How many teeth do dogs have? A mature dog should have 42 teeth in total, with 20 on the top and 22 on the bottom of its jaw while the majority of dogs have the same number of teeth as humans. They will, however, have a different amount of adult teeth than a puppy. When all of a puppy’s milk teeth have grown in, it will have a total of 28 teeth. This means they have 14 teeth in their upper jaw and 14 in their lower jaw and your adult dog has less than 42 teeth, a tooth may have been lost or fractured. This frequently occurs when they have materials in their mouth that are difficult to break, such as stones or thick sticks.
Types of Dog Teeth
Each tooth in a dog—incisor, canine, premolar, and molar—has a distinct purpose. Here’s a rundown of what each kind of tooth accomplishes and where they’re found:
The incisors are the teeth at the front of a dog’s mouth. The upper and lower jaws each contain six incisors.
Dogs use their incisors to grip items like food, but they may also be used to chew or groom and these teeth are tiny and have one root per tooth in dogs and cats.
The canine teeth, sometimes known as “fangs,” are the longest teeth at the front of the mouth and there are four canines in the jaws of dogs (2 on the upper jaw and two on the lower jaw). To better hold items, these teeth are well-developed and somewhat curved.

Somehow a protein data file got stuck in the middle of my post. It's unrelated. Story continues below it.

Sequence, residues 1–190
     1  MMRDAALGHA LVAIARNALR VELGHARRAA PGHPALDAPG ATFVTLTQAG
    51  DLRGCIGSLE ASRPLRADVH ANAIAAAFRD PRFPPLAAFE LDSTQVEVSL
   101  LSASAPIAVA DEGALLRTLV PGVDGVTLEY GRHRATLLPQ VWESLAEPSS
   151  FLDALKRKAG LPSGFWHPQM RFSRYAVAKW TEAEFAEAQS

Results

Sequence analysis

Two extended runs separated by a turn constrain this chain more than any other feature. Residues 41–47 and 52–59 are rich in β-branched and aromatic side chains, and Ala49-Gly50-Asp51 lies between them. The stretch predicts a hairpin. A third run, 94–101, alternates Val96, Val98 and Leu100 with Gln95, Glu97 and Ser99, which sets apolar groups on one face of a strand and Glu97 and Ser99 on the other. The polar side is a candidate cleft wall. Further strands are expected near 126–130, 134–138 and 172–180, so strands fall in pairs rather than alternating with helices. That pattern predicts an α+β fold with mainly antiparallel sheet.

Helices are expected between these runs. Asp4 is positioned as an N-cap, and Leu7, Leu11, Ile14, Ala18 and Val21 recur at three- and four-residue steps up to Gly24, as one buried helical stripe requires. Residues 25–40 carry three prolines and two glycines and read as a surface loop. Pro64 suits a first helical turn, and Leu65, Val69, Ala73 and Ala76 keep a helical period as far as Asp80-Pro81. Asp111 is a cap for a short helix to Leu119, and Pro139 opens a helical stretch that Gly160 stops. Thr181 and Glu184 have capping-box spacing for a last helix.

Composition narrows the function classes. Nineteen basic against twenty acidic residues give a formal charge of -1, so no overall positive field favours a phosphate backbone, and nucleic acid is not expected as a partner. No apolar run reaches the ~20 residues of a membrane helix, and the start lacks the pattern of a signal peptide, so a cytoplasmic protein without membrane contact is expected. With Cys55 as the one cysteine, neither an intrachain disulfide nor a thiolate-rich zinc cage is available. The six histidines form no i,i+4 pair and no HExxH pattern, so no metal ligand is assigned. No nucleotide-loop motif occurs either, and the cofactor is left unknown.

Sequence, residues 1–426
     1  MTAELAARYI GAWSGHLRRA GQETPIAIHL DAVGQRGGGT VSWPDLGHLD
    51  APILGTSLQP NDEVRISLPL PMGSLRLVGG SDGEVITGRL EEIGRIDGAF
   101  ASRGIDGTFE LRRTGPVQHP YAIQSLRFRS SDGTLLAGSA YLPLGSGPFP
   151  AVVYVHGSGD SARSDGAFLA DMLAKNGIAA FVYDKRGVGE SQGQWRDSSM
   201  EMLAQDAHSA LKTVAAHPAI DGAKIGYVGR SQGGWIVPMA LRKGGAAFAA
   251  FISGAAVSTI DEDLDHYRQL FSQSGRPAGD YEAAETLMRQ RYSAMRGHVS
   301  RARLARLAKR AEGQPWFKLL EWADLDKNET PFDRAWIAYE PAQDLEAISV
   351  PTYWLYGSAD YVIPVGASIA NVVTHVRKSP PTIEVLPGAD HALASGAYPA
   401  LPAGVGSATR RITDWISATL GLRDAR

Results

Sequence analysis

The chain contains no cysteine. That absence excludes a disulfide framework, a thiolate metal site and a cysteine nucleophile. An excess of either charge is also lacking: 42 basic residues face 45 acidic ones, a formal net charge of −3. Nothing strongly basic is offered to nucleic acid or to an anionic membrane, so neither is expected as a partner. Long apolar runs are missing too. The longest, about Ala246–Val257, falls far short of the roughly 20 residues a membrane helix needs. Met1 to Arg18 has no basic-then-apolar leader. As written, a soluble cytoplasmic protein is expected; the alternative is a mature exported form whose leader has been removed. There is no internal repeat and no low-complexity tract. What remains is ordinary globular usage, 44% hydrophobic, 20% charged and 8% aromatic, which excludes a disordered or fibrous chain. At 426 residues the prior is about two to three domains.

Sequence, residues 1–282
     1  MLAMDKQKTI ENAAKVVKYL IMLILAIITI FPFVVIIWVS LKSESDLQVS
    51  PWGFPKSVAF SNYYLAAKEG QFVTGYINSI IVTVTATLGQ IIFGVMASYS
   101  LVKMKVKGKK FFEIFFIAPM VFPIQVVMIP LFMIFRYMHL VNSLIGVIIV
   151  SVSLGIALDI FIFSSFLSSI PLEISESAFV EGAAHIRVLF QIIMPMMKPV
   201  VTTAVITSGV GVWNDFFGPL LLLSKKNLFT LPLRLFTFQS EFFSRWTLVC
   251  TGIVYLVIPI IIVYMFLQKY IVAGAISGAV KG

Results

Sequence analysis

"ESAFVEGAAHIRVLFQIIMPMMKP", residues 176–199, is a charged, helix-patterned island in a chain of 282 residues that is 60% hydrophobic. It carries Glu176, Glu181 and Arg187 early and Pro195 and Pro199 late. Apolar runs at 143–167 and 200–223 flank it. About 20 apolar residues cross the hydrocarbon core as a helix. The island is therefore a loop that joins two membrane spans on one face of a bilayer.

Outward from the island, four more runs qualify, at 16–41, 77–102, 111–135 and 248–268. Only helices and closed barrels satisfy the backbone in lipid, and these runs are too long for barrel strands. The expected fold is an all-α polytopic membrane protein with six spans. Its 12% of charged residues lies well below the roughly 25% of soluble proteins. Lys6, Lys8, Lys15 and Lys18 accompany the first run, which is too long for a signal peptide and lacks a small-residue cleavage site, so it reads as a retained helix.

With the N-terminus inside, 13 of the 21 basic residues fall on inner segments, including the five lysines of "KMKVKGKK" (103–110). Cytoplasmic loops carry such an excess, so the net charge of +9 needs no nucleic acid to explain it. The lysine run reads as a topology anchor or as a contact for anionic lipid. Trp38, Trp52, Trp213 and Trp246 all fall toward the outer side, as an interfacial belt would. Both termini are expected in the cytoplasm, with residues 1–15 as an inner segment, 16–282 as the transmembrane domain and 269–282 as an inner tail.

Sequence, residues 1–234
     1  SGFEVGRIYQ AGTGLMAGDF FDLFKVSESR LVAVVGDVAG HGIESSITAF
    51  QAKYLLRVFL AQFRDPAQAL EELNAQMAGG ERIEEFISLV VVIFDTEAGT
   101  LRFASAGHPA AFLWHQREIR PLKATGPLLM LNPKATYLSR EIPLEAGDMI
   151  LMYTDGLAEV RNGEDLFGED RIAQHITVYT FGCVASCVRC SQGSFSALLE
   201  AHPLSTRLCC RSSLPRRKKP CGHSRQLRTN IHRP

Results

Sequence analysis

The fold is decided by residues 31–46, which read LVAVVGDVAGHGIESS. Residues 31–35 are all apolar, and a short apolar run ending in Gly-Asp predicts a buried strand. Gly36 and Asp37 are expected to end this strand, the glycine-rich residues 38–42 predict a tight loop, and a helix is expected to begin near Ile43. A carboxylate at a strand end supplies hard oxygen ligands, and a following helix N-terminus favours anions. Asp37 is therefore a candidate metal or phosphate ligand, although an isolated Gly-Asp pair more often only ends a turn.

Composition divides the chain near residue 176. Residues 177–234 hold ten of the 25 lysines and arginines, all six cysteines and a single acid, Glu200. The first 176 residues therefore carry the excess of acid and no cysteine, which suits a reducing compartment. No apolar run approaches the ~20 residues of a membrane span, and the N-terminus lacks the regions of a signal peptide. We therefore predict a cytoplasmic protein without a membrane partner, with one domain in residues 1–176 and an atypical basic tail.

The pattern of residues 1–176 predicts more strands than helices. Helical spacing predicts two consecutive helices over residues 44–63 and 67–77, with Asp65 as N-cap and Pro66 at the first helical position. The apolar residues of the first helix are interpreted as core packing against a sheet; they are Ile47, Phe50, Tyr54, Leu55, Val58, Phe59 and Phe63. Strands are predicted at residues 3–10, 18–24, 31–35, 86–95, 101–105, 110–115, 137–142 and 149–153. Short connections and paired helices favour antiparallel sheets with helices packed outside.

Canine teeth have just one root per tooth as well.
The premolars are located just behind the canines. Adult dogs have 16 premolars, eight on top and eight on the bottom.
These teeth are used to cut through food and ground it up.
The roots that attach the premolar teeth in the mouth may range from one to two per tooth.
Molars are the rear teeth of a dog’s mouth. They may resemble premolars in appearance and the upper jaw has four molars, while the lower jaw has six and the food is ground into little bits with a molar to make it easier to swallow and digest.
They may have anywhere from three to one root in the dog’s mouth to anchor them.
Pay Attention to Your Dog’s Teeth
It’s important to keep your pet’s mouth healthy for their general health and enjoyment of life.
Please schedule an appointment with a veterinarian as soon as possible if you notice your dog is losing teeth, has loose or wobbly teeth, or has gradually deteriorating breadth even though it seems that your pet has only lost one tooth, they may have other unhealthy teeth in their mouth that are giving them pain and might benefit from removal.
Don’t wait until your pet isn’t eating to see your veterinarian for a dental checkup. Use your pet’s yearly checkup to talk about your dog’s teeth and general dental health before an issue arises.